Pleistocene glaciations and mitochondrial diversity evolution in the Atlantic salmon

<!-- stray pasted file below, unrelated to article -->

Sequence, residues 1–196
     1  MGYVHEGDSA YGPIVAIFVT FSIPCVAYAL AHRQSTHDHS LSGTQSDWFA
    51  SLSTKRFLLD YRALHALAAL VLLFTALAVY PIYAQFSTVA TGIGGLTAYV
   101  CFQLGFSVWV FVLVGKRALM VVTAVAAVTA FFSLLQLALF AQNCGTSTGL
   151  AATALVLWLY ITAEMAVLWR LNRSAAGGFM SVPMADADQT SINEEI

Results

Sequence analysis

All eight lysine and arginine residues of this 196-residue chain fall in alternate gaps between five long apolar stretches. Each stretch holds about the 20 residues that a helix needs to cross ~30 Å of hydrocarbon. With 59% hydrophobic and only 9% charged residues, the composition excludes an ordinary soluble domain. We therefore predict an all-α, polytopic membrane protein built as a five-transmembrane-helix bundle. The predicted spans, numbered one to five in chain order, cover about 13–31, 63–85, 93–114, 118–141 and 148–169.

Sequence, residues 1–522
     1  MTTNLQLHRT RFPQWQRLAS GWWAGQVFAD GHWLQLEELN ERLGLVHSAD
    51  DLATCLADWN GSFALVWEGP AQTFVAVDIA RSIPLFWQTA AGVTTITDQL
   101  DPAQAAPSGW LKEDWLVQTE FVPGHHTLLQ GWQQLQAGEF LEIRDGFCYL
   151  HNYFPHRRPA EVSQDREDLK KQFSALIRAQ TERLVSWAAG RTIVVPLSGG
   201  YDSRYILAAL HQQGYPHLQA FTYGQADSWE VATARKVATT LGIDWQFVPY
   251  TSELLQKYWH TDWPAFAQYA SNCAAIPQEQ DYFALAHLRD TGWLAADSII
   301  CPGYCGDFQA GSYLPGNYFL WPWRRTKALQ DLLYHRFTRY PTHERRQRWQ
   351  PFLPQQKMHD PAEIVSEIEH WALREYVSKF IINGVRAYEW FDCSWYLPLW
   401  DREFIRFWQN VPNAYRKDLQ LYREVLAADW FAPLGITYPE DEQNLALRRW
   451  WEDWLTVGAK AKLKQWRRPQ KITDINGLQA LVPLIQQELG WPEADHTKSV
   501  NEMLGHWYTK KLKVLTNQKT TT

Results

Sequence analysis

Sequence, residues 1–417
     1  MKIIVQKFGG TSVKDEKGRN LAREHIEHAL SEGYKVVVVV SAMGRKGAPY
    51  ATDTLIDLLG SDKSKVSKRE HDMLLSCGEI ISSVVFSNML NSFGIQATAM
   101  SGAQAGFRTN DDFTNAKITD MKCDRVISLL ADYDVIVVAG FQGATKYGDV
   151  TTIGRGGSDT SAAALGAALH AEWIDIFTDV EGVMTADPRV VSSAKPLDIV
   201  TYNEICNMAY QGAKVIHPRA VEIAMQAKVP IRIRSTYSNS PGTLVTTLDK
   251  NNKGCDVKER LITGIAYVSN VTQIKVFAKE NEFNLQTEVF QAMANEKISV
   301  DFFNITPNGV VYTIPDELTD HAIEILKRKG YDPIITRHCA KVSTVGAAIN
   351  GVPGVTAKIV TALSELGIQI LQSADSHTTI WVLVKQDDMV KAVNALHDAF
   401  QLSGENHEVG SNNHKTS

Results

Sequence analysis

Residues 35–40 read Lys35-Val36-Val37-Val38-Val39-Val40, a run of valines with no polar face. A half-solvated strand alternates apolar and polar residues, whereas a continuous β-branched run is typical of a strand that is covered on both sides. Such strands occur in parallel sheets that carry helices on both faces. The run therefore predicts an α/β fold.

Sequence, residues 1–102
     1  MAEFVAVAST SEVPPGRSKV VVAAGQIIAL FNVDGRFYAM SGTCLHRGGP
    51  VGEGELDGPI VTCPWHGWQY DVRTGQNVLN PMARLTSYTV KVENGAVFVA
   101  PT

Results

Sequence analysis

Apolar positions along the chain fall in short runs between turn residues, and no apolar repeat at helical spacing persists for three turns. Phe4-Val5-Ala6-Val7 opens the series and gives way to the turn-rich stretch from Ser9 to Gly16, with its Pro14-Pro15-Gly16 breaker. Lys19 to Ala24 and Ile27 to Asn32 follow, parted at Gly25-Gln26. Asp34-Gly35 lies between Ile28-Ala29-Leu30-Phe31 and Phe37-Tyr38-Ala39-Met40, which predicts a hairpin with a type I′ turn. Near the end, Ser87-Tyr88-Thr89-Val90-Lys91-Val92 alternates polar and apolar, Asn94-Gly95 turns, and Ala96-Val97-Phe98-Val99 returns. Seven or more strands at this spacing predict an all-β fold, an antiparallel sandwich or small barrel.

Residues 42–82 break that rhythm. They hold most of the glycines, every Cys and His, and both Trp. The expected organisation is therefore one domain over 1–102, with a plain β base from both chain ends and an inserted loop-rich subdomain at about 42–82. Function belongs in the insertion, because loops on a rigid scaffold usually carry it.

Fluctuating Pleistocene landscapes and environments, involving glaciation cycles, have repeatedly shifted species’ distributions in the Northern Hemisphere, driving an evolutionary meta-population dynamic of local population extinctions and recolonizations, including contractions into, expansions out of, glacial refugial areas. We address this question in the Atlantic salmon by developing an independent phylogeographic hypothesis (IPH) for the eastern part of its North Atlantic range from a consideration of regional Pleistocene environmental change and the species’ life-history, distributional and dispersal biology. We test the IPH using a collated mitochondrial SNP data set for ~13,000 individuals from ~200 river systems. The observed diversity largely accords with the IPH and provide novel insight into how glaciation dynamics condition diversity evolution in the species.